30 years ago I bought my first car, a 20 year old MGB convertible. A great car with a 1.8 litre engine and 4 speed box with overdrive on 3rd and 4th. However, it didn’t have the power I craved and therefore the performance for hooning around the country lanes near my home. So I looked at a number of options and chose the most cost effective one – water injection.
In those days, this consisted of a small water tank connected by a pipe to a black box. Inside this box was a halogen lamp with a sealed top section that drew water from the tank. The box was also connected by a smaller pipe to the inlet manifold.
The theory was that the halogen lamp heated the water to form steam, which passed down the smaller pipe and mixed with the fuel/air heading towards the inlet valves. Increased power was claimed because the added steam provided heat and more air in a carrier (i.e. the steam). I remember the marketing saying that cars always performed better on misty wet days than dry sunshine! So why not have that all year round!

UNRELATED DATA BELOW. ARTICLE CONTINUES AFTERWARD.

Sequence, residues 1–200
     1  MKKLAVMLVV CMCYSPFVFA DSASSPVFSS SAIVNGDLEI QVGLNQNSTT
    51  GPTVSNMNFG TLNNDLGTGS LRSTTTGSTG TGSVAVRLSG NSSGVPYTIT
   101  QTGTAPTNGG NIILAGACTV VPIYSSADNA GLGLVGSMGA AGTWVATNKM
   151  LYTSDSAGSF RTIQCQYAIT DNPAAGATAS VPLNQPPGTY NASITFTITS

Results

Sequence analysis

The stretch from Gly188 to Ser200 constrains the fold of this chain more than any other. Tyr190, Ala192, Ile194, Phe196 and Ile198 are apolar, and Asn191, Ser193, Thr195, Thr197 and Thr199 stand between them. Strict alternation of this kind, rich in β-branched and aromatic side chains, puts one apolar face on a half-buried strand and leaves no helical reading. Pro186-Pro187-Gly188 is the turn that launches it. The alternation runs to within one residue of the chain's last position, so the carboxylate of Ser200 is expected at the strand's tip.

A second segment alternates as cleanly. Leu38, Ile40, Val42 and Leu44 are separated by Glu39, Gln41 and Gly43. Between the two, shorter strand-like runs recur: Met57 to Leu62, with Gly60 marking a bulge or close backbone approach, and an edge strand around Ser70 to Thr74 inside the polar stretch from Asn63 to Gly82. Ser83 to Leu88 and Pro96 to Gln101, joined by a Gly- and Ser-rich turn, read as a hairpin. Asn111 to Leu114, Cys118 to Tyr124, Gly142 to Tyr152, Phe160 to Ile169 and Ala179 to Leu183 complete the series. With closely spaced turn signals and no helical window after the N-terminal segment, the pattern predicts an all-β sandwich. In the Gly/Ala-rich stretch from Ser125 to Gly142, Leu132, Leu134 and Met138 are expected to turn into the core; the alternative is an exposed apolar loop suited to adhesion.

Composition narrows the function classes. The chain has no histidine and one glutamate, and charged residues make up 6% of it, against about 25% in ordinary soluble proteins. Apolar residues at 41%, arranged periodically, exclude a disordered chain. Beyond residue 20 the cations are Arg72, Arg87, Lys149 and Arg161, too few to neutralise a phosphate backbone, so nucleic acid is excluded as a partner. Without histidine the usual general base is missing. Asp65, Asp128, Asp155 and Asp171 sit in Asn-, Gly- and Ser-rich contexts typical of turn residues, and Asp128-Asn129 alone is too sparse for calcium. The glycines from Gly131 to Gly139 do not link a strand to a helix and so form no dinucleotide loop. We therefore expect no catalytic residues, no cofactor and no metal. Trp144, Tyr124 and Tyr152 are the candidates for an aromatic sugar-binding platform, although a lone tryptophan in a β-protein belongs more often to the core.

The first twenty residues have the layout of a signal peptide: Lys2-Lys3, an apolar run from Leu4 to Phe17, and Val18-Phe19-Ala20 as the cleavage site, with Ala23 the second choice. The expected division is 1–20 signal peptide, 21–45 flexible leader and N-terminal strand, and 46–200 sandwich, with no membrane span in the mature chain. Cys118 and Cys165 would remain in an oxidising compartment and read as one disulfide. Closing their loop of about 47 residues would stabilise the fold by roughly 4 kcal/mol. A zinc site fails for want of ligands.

I certainly thought that my efforts to install it made the car faster but I never really tested it to prove the point. You can still buy these kits today and the marketing has changed from a performance based message to one of saving the planet by using less fuel.
The larger manufacturers looked at this idea years ago when turbos were becoming popular as intercoolers had not yet been invented. The idea here was to find a way of cooling the system and produce more power, so a mix of oil and water was injected into the cylinder. This gave the effect of a higher octane for the fuel and enabled a lower temperature of gases. SAAB used this concept on the 99 but was replaced by an intercooler that worked more efficiently.
Today, Aqua Tune in Texas sell a system that cleans the engine as well because it de-scales the carbon build up from an old engine. Aqua Tune claims a 25% improvement in fuel economy, less emissions and better torque. They use a system that was similar to the one I put on my old MG although they have developed it to become a Water/Hydrogen injection system. As you can imagine, the concept is the same however the technology has dramatically improved, especially with today’s electronic engine management systems. It’s worth taking a look at this system if you are looking for more power and less fuel consumption.
Another company is Aqua Mist in the UK; they have been supplying systems to Ford and Volvo for a number of years. Apparently the early 1990s Escort Cosworth had one of their systems fitted by the Ford factory.